LONDON (Reuters) - Hollywood star Will Smith was reluctant at first to play Genie in the live-action remake of Disney’s “Aladdin” as it meant following in the big footsteps of late comedian Robin Williams who voiced the character in the 1992 animated film.
Smith, who shot to fame in the 1990s television series “The Fresh Prince of Bel Air,” added a personal touch - and some hip hop and rap - to portray the energetic CGI-enhanced blue Genie who emerges from a lamp in a cave of treasures.
Speaking to Reuters at the musical film’s premiere in London on Thursday, the 50-year-old actor and rapper said his first reaction about taking on the role was: “Hell no, no way.”
“Robin Williams didn’t leave much room to improve on the Genie. ... So I looked at it and the first thing for me was that it was going to be live action. I thought it could be a little different,” Smith said.
“Robin Williams ... took his essentially stand-up persona and just infused his stand-up persona into the Genie. ... I was like I could just use the extreme version of almost my ‘Fresh Prince’ persona to be able to infuse that into this wild character. I felt I’d be able to capture the nostalgia while at the same time being able to make something new.”
The film follows the 1992 movie plot that saw poor street hustler Aladdin fall in love with headstrong Princess Jasmine, but director Guy Ritchie said the story “needed updating.”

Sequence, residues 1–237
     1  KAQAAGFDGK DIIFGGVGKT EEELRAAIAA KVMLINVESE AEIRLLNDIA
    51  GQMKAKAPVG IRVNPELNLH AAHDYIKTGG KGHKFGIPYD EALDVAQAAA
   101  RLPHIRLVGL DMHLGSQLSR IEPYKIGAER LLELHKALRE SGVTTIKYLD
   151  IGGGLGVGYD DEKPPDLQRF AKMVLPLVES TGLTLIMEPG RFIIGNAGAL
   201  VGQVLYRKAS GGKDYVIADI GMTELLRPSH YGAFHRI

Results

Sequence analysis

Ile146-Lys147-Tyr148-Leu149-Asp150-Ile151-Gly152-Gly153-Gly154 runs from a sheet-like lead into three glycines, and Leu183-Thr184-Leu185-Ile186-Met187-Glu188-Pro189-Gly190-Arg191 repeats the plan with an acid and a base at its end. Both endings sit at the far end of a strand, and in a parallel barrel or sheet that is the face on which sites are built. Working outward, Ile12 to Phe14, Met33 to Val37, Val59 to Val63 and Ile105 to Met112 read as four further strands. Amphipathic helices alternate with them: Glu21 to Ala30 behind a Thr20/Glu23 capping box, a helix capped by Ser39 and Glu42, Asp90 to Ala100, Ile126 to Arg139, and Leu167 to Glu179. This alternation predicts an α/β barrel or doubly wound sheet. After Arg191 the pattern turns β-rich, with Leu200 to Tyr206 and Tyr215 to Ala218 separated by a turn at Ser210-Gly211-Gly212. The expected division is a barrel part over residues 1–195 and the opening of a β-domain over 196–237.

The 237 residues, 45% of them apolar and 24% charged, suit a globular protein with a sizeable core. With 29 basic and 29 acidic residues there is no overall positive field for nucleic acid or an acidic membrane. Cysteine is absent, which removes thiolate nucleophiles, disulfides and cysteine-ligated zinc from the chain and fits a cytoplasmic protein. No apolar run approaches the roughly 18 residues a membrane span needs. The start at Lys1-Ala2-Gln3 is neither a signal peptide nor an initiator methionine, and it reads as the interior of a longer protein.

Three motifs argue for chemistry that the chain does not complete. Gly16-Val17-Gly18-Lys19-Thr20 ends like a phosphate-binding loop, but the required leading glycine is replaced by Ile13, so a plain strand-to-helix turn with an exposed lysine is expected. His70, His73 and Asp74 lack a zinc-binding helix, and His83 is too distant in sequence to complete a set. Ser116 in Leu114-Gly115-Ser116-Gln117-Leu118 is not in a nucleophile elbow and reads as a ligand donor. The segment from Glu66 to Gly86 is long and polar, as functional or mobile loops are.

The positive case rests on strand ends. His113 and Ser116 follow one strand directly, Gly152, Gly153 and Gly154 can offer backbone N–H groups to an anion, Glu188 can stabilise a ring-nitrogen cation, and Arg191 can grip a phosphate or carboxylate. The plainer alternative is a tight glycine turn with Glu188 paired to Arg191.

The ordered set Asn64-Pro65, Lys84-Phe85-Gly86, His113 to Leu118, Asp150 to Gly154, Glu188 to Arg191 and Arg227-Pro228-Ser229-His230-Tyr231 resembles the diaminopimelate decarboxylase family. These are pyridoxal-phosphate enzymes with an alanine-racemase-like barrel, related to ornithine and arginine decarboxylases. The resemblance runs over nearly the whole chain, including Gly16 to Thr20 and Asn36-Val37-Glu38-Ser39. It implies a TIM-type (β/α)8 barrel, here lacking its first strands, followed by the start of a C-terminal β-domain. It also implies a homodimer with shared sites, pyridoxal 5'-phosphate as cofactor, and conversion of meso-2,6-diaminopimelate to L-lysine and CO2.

“We are half an hour longer and there’s just a difference between an animated film and live action,” he said.
“Somehow you can take broader strokes in the animated movies that you can’t afford in live action. Jasmine was the principal character that needed evolving and developing.”
That character is played by “The 33” and “Power Rangers” actress Naomi Scott, who will also star in the upcoming “Charlie’s Angels” remake.
“(Jasmine) finds her voice and she goes through a journey to find it. ... I want little girls to see that,” she said.
Newcomer Mena Massoud, who starred in last year’s “Tom Clancy’s Jack Ryan” series, plays the title role in the movie. Cast members said animals of all kinds and some 1,000 extras were involved in making the musical spectacle, which features original songs from the animated film as well as new tunes.
“Aladdin” is the latest live-action remake from Disney, which has revisited old animated films like “The Jungle Book” as well as “Dumbo” and will put out a new version of box-office hit “The Lion King” this summer.
Reporting by Hanna Rantala; Writing by Marie-Louise Gumuchian; Editing by Peter Cooney
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